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Russian FM says US interprets international law in its interests

March 22, 2014, 1:19 UTC+3 MOSCOW
Russian Deputy Prime Minister Dmitry Rogozin believes his name on the list of sanctions “does not cost a grain of the Crimean land”
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Russian Foreign Minister Sergei Lavrov

Russian Foreign Minister Sergei Lavrov

© EPA/MAXIM SHIPENKOV

MOSCOW, March 22. /ITAR-TASS/. Kremlin has pledged to back up the Russians who are on the Western sanctions list. Russian presidential press secretary Dmitry Peskov underscored the absurd character of these sanctions, saying the reasons for including the individuals and legal entities in the blacklists could not be explained in a rational way.

On March 20, the U.S. added 20 new surnames of Russian officials falling under sanctions, among which are Russian presidential advisor Andrey Fursenko, President of the Russian railways Company /RZD/ Vladimir Yakunin, chief of the presidential property department Vladimir Kozhin, major shareholder of the Volga Group company Gennady Timchenko as well as Arkady and Boris Rotenberg, the Mostotrest company co-owners, and Yuri Kovalchuk, the major shareholder of the Rossiya Bank.

President Vladimir Putin reacted with the surprise and irony when the saw that Kovalchuk, Timchenko and the Rotenbergs had fallen under U.S. sanctions.

“Typical Moskals,” - Putin said ironically answering a reporters’ question. “Here they are these polite people in military uniform, wearing masks and holding submachine guns in their hands,” Putin said sarcastically implying that these business people had no relationship to the troubles around Crimea and Ukraine whatsoever.

“Their surnames seem a bit strange - Kovalchuk, Rotenberg and Timchenko,” the president said with a smile. “Typical Moskals and I think we should keep away from them.”

The surnames like 'Kovalvhuk' and 'Timchenko' are usually regarded in Russia as the ones typical of ethnic Ukrainians, while 'Rotenberg' is indicative of a person's German or Jewish origin but not of being a Moskal a derogatory colloquialism widely used in the modern-day Ukraine to denote a person of Russian ethnicity.

The head of state made public his intention to receive his salary at the Rossiya bank that also fell under the Western sanctions.

“As you already know, I have said that I am planning to open an account there,” he said. “Moreover, I ordered the property department to transfer my salary there because the bank has such a sonorous and symbolic name /Rossiya means Russia - Itar-Tass/.”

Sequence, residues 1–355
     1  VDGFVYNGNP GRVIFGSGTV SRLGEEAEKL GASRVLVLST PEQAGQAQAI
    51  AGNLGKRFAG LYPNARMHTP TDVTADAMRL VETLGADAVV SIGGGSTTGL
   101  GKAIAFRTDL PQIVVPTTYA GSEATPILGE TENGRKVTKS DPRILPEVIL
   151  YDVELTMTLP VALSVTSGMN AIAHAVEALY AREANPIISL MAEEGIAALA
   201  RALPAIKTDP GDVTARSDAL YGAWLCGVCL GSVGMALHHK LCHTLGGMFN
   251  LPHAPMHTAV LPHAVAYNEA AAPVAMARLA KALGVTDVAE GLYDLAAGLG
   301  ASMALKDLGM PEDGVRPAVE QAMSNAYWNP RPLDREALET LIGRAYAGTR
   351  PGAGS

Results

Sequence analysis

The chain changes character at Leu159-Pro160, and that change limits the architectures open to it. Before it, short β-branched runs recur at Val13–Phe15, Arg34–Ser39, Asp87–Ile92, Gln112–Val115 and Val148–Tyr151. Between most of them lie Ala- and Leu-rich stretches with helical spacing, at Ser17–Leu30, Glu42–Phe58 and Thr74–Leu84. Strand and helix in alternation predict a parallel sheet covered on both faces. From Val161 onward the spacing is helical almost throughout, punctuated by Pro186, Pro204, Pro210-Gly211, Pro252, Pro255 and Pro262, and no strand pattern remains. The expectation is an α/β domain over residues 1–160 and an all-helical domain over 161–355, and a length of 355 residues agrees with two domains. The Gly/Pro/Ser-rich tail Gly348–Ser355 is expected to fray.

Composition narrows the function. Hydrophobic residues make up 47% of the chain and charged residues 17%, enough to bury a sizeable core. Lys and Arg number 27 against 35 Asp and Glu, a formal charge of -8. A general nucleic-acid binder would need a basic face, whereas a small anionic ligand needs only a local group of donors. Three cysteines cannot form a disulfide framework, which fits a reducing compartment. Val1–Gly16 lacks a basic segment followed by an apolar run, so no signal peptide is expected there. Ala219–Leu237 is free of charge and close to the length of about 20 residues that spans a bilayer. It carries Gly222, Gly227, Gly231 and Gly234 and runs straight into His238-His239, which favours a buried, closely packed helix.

Chief of the Russian presidential staff Sergey Ivanov does not rule out a possibility of opening an account at the Rossiya bank following the president’s example. “Why not?” he told reporters in English replying to a question about this.

Speaking about sanctions against him personally, Ivanov dubbed them as “average and routine” explaining that he “had been under a lifetime ban to enter most of the Western countries" during his work for the Intelligence Service.

Russian Foreign Minister Sergei Lavrov said about the U.S. policy of sanctions that “There’s one law for the rich and another for the poor.”

Lavrov said the U.S. treated the international law in line with that English proverb and he advised the White House to “find some other ways for domineering.”

Russian Deputy Prime Minister Dmitry Rogozin believes his name on the list of sanctions “does not cost a grain of the Crimean land.”

“Had the countries all over the world put me on the sanction list, this would not cost the smallest grain of the Crimean land reunified with Russia,” he posted on a social network.

President of the Russian Railways Company Vladimir Yakunin has praised the appearance of his name in the blacklist as justification of his contribution to the promotion of Russian interests.

“I have found myself in a decent company and, I won’t conceal that, I was even flattered as all of the people under sanctions are prominent personalities who have done a lot for Russia,” Yakunin said.

“It’s beyond my comprehension how sensible people even seized by political passions can take the decisions like these ones,” he wrote on his blog.

Speaker of the Federation Council Valentina Matviyenko recommended the American government to impose sanctions on the entire composition of the upper house of Russia’s parliament referring to the Russian lawmakers’ statement in which the sanctions are dubbed “an act of unprecedented political blackmail.

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